369c. Wilhelm Schlegel to Schelling in Jena: Berlin, 28 August 1802 [*]
Berlin, 28 August 1802
A letter from Spazier just now brought to mind the modest feud concerning Ion, which amid the more serious dispute I had wholly forgotten.  I hope the entire matter will seem like merely a jest to you as well after you read my letter.
I know not how it has happened that all at once I have become involved in a whole cluster of disputes. It seems that someone here is intentionally spreading the rumor that I am the author of a derisive poem contra Iffland with the title Der Bärentanz that appeared shortly after my departure in one of the political journals here and which is allegedly a genuine pasquinade, albeit only in spirit rather than according to the legal letter.  I have not yet had the opportunity to read it. —
And finally the terrible local actor Schwadke issued a defiant complaint to the editor of the Elegante Zeitung because of a theater critique, demanding that my identity be revealed. I was glad to oblige with a crude dismissal, which will similarly be appearing in the same journal. 
Nicolai recently behaved so crudely in the Allgemeine Bibliothek against me and various of my friends — including in a loutish review of the Musen-Almanach, presumably by Göckingk (it was signed “Gk.”) that I now find myself prompted, to everyone’s considerable terror, to join the battle by implementing a grand judgment of wit against these sinners.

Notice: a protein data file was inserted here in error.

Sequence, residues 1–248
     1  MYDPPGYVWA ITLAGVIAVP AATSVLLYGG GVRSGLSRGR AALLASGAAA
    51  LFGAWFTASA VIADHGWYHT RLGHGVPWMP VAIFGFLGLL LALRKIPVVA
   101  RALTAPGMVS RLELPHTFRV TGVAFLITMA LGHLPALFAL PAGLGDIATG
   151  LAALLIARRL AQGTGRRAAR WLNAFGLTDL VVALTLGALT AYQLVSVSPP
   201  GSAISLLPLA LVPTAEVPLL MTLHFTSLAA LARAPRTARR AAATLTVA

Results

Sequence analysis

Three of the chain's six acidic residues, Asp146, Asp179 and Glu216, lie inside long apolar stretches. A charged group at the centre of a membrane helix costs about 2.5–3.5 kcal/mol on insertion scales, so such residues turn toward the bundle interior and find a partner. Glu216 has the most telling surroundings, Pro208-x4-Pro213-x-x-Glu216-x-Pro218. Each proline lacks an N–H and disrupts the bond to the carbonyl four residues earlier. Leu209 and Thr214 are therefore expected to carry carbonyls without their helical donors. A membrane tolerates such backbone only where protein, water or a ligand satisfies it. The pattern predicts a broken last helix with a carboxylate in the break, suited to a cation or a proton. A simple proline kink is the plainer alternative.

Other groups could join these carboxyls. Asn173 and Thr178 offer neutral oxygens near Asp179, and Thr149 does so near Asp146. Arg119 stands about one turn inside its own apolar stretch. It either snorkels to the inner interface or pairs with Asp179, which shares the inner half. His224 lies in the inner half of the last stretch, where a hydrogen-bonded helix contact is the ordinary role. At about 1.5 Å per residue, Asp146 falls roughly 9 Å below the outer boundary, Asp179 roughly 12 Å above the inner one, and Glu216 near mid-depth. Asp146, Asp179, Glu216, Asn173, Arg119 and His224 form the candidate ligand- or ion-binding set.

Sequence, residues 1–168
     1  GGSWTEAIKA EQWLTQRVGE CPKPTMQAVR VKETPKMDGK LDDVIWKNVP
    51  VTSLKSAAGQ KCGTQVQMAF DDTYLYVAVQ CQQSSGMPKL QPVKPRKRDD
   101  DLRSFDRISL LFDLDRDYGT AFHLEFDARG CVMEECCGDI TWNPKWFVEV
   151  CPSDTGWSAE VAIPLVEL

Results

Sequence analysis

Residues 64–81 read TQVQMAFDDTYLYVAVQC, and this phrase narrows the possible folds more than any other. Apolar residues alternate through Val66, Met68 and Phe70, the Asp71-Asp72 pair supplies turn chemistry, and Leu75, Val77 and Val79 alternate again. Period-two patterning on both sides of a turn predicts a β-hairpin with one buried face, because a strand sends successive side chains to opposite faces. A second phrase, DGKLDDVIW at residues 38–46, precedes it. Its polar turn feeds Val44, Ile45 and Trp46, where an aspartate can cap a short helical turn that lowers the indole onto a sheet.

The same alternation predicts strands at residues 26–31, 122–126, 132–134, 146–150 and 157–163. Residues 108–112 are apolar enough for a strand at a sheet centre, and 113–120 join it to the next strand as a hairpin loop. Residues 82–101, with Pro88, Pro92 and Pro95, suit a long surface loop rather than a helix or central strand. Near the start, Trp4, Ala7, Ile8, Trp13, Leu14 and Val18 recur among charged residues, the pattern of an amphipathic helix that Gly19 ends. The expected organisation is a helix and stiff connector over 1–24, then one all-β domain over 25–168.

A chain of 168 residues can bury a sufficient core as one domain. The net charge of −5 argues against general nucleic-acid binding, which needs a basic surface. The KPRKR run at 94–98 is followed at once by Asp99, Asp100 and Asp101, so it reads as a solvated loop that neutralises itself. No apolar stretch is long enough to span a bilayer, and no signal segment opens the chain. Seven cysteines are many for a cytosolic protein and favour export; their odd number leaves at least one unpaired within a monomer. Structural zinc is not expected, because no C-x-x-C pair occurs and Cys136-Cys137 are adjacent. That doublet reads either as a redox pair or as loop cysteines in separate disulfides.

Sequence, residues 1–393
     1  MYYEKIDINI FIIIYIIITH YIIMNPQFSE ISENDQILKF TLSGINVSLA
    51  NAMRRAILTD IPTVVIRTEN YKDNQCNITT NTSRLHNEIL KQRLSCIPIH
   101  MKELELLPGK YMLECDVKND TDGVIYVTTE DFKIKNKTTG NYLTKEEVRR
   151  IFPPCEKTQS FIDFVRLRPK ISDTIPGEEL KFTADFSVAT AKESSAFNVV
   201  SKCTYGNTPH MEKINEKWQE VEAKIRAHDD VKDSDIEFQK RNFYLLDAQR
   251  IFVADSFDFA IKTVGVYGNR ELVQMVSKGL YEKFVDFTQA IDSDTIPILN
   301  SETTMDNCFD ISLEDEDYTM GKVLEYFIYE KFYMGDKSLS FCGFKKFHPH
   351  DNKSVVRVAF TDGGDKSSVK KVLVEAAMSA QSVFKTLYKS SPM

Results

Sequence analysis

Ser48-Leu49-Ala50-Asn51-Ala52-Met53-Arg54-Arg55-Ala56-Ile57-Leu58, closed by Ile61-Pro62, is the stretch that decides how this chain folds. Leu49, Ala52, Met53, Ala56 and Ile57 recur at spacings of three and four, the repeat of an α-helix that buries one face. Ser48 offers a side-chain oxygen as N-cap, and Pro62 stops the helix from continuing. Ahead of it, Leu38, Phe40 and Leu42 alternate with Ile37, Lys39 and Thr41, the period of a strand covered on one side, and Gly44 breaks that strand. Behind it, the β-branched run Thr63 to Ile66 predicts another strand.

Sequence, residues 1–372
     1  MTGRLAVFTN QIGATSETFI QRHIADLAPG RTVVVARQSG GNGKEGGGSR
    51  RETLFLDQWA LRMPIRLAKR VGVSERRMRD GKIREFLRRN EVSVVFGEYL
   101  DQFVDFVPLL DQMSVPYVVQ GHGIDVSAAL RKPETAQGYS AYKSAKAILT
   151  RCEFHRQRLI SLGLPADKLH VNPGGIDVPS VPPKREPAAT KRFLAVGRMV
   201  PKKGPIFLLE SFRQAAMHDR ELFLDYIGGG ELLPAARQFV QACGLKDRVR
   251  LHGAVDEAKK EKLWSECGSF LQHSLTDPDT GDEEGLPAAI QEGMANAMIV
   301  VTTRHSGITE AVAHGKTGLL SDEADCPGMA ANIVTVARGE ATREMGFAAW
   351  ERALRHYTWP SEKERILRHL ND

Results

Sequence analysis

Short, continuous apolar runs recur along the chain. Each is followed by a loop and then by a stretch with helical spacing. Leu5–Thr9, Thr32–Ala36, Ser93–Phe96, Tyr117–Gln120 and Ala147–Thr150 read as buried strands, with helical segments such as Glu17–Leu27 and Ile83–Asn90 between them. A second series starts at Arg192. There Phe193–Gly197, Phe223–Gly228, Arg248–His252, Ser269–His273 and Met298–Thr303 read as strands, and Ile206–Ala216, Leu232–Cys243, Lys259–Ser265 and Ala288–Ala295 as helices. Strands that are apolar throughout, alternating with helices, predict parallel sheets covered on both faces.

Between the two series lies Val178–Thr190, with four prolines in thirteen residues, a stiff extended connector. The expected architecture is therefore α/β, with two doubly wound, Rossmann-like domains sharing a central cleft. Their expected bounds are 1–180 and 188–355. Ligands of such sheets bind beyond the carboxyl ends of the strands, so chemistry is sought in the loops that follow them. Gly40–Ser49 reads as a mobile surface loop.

Since you asked me to read your article “on the Comportment of Obscurantism etc.” in connection with the dispute with Schütz, please also allow me to tell you quite openly that several turns of phrase and expressions in it do not entirely concur with my own polemical principles. —
Please do not misunderstand me; this is merely my own personal feeling about such things, one I would never presume to impose on anyone else. Nor can there be even the remotest possibility for me to accept that the severity of what was merely a literary attack might in any way excuse Schütz’s unutterable vileness. 
But it is nonetheless always a disadvantage when indignation at the former, namely, at such severity, risks obscuring for otherwise favorably disposed people one’s pure judgment on the latter, namely, the vileness.
It was with great interest that I read the first essay in the journal, and I admire especially its clarity.  I do, however, wish that Fichte would read it, and that even in the larger sense he would address the relationship between his and your systems.